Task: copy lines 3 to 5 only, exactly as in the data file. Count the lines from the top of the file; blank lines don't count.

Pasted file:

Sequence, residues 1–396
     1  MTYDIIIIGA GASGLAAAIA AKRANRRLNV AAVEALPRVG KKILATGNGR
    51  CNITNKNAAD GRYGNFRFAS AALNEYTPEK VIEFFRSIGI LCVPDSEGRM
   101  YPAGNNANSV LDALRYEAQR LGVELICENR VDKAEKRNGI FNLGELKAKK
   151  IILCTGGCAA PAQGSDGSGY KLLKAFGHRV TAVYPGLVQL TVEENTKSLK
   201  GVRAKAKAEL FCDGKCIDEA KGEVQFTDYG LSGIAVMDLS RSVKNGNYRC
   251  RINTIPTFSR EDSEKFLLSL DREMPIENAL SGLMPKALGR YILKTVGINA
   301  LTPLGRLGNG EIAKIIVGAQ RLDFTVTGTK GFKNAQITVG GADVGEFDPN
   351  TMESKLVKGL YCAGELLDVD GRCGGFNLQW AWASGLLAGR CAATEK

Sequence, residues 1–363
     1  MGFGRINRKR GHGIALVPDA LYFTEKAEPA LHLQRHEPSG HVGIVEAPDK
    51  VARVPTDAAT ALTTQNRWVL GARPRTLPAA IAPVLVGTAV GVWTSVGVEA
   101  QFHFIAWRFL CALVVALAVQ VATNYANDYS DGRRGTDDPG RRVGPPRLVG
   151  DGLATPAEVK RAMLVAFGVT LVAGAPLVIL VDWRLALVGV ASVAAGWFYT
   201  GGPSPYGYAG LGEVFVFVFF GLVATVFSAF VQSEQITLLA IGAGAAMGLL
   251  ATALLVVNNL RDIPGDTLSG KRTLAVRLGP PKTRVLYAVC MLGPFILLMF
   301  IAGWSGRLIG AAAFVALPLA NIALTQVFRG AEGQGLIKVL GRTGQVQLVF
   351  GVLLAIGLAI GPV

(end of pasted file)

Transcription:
    51  CNITNKNAAD GRYGNFRFAS AALNEYTPEK VIEFFRSIGI LCVPDSEGRM
   101  YPAGNNANSV LDALRYEAQR LGVELICENR VDKAEKRNGI FNLGELKAKK
   151  IILCTGGCAA PAQGSDGSGY KLLKAFGHRV TAVYPGLVQL TVEENTKSLK